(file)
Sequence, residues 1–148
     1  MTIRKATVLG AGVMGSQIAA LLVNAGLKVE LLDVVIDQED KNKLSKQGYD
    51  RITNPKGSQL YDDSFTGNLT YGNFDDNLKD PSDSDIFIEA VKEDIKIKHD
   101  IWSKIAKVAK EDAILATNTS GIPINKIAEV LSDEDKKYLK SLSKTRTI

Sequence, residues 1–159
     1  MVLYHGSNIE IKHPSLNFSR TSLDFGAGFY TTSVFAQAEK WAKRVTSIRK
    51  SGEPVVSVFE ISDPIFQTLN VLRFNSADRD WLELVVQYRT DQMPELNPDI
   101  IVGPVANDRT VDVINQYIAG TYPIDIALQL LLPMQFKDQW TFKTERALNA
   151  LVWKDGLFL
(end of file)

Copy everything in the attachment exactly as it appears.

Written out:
Sequence, residues 1–148
     1  MTIRKATVLG AGVMGSQIAA LLVNAGLKVE LLDVVIDQED KNKLSKQGYD
    51  RITNPKGSQL YDDSFTGNLT YGNFDDNLKD PSDSDIFIEA VKEDIKIKHD
   101  IWSKIAKVAK EDAILATNTS GIPINKIAEV LSDEDKKYLK SLSKTRTI

Sequence, residues 1–159
     1  MVLYHGSNIE IKHPSLNFSR TSLDFGAGFY TTSVFAQAEK WAKRVTSIRK
    51  SGEPVVSVFE ISDPIFQTLN VLRFNSADRD WLELVVQYRT DQMPELNPDI
   101  IVGPVANDRT VDVINQYIAG TYPIDIALQL LLPMQFKDQW TFKTERALNA
   151  LVWKDGLFL